New immunotherapy approach holds promise for ovarian cancer
A new approach using CAR T-cell therapy is suggested by Swedish researchers as an effective treatment for ovarian cancer.
The immunotherapy approach, published in The Journal for ImmunoTherapy of Cancer, is a hopeful start in paving the way for a clinical trial to see how effective the treatment is for women with the disease.
CAR T-cell therapy is a relatively new type of immunotherapy that involves extracting a patient’s T cells from the blood and injecting them in a laboratory with a new gene that specifically attacks a molecule called a chimeric antigen receptor (CAR) on the surface of the tumour cells. When returned to the patients, the T cells are more aggressive, and attack the cancer cells like guided missiles.
“This therapy is currently available for patients with blood cancer, and we want to investigate if we can use the method to treat ovarian cancer,” said Isabelle Magalhaes, docent at the Department of Oncology-Pathology at Karolinska Institutet.
“Despite many improvements to the available therapy, the prognosis for women with ovarian cancer is still poor.”
Until now, CAR T-cell therapy has proved largely ineffective against solid tumours.
“Tumours often arise in an environment that’s unfavourable for T cells, in part due to a low oxygen level,” explained Jonas Mattsson, visiting professor at Karolinska Institutet. “This can cause attacking T cells to be neutralised, which impairs the therapeutic effect. So, we wanted to examine if it would still work.”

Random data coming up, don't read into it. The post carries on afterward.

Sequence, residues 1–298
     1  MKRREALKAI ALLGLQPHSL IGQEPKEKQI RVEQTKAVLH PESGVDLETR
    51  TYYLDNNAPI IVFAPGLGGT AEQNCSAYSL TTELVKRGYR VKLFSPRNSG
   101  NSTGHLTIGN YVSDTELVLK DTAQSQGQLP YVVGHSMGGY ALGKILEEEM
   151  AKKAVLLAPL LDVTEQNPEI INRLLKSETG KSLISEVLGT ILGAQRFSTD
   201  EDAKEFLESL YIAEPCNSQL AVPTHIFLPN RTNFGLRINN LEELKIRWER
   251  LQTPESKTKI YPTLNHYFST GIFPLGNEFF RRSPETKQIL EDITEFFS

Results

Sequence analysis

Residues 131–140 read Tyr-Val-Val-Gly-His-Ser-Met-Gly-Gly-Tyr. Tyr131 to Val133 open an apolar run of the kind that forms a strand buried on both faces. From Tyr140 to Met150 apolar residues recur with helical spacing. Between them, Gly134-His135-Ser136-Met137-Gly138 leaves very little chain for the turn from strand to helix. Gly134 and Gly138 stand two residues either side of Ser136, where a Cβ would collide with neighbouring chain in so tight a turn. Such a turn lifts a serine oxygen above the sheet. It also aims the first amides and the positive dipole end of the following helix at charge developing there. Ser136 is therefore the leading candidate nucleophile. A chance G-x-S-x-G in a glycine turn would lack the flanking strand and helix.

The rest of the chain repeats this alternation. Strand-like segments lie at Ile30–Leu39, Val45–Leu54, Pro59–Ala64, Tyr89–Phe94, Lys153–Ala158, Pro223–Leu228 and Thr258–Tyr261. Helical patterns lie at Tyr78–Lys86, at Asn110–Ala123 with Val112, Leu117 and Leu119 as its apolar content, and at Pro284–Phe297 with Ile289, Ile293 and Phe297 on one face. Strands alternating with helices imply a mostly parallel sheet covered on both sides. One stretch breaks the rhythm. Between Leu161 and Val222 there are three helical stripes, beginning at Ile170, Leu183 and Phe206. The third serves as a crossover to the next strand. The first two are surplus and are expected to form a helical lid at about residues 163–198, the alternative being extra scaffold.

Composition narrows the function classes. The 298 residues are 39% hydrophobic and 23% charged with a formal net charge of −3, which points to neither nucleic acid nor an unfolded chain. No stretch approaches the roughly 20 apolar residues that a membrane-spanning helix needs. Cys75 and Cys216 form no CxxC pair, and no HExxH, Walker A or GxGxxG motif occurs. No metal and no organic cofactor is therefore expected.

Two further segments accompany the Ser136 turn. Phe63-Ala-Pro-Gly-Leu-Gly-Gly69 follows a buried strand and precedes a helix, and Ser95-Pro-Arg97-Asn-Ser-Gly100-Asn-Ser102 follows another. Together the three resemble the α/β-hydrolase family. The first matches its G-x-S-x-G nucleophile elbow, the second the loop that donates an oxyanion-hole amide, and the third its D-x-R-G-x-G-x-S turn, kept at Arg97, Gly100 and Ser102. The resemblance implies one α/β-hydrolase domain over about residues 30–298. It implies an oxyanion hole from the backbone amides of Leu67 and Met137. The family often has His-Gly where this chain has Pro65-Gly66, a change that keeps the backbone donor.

Many ovarian tumours contain mesothelin, and the researchers wanted to test three types of CAR molecule programmed to attack this protein. They therefore repeatedly exposed ovarian cancer cells to the programmed CAR T-cells in test tubes and conducted several experiments on mice.
All three CAR T-cells significantly prolonged the lives of the mice with cancer compared to those in the control group, with the type called M1xx CAR T cells proving the most efficacious. The mice that were injected with T cells that express the molecule saw a reduction in tumour size and lived even longer than the others. Several of the mice were even cured.
“In several mice, there were no tumour cells left that we could detect, and the effect lasted just over three months after the treatment started. This is evidence that immunotherapy involving CAR T cells that attack the mesothelin protein is a promising one for ovarian cancer,” concluded Mattsson.
“Hopefully, this discovery will pave the way for a clinical study. Our goal is to predict the optimal conditions for producing CAR T cells able to infiltrate and attack the tumour and survive in the bodies of women with ovarian cancer.”